One language, many languages

by Luca Baldini on 06/20/2014

June 2nd was date of the much-anticipated Apple WWDC. I watched it in real-time and I was struck by some new things I’d like to share with you.

For starters, the effort Apple has made to make the WebViews more powerful. Not only will they be activating Nitro, which will make hybrid web applications much faster, but there will also be a new dedicated channel for two-way communications between the web part and the native part of the app. In addition, every WebView will run in a dedicated process that will be able to use the memory more efficiently.

I was really impressed with the fact that Apple is working to facilitate the development of hybrid applications. Otherwise, why create a special object whose sole purpose is to allow the native part and the web part to communicate by exchanging messages? If any of you are interested in learning about all the improvements there will be in iOS 8, I invite you to watch the video of the class that was taught during the WWDC on improvements to the WebViews.

But the thing that struck me the most was Swift, Apple’s new programming language for native applications. Until now, anyone who wanted to develop apps for iOS devices needed to know Objective-C. There was no other way, and I even had to learn it in order to create Caravel and to make Instant Developer able to create installation packages.

In the various forums I follow, I happened to read the reactions of many programmers who complained that they’d have to learn a new programming language and that, after having spent a long time studying and digesting a challenging language like Objective-C, they’d need to learn another one in order to keep developing. Because, while it’s true that in iOS 8 you’ll be able to use either Objective-C or Swift, many people think that in the future Swift will become the most used language for iOS.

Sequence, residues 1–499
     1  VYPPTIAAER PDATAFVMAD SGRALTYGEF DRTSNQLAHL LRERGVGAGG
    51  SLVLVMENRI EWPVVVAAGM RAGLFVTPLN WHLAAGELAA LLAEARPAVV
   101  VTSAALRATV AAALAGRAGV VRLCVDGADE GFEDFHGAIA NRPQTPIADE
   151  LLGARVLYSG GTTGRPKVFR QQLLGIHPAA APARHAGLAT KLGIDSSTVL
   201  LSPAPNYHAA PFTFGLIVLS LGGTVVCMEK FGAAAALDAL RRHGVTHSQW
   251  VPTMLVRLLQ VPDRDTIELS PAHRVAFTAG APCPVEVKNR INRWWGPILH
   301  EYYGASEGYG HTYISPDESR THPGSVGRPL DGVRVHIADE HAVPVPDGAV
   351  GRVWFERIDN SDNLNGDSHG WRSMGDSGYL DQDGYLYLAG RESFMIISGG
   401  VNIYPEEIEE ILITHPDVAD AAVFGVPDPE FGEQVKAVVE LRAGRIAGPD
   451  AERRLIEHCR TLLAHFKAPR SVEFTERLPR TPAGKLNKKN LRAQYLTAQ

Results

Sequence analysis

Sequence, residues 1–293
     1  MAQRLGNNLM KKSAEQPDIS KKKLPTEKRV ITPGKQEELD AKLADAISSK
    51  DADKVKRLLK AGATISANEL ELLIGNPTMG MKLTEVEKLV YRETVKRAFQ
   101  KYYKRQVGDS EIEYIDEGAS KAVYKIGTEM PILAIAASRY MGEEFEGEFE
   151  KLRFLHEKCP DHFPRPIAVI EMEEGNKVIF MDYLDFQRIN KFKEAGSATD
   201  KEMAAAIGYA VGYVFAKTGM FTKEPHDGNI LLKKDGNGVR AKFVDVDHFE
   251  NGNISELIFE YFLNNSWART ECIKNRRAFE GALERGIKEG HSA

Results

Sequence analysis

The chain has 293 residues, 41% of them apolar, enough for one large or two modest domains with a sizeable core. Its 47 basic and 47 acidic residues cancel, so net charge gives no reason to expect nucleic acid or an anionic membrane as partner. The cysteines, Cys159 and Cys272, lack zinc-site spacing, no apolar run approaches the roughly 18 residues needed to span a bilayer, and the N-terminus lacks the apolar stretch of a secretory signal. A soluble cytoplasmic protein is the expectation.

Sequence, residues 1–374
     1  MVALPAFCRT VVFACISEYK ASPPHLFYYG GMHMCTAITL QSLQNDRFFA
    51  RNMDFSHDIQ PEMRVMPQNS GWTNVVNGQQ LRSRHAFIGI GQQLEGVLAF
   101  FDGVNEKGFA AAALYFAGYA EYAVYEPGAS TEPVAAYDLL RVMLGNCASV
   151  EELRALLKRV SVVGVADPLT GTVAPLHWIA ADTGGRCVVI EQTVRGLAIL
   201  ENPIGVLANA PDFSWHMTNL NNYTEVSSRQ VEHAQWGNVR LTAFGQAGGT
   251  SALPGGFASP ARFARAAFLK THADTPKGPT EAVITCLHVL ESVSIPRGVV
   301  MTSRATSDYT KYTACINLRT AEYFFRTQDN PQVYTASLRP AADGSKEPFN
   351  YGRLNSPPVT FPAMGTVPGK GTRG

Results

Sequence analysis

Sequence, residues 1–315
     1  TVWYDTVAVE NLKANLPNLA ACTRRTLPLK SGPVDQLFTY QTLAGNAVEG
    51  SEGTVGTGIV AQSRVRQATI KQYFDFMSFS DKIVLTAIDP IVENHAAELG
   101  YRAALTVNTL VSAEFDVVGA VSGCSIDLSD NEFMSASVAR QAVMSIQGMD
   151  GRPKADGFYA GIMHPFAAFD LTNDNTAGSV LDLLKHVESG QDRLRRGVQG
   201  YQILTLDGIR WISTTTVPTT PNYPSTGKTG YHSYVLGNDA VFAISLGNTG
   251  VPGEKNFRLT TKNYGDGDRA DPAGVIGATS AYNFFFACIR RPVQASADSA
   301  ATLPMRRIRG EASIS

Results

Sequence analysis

While I was reading these posts I was thinking that all this already happened with Visual Basic 6 and C#. When C# came out, many programmers who were used to developing in VB6 had to learn how to do it in C#. All of them, that is, except those who were using Instant Developer: they simply had to enable a new checkbox and recompile to get their web application in C#.

I am increasingly convinced that programmers need to be free to think about the logic of the applications without necessarily needing to learn new languages, especially because it’s one thing to learn a language, but it’s something else to master it to the degree that you’re able to develop complex applications.

What do you think? Have you already downloaded the Swift manual (700 pages) from iBooks? I’ve nearly finished it 🙂

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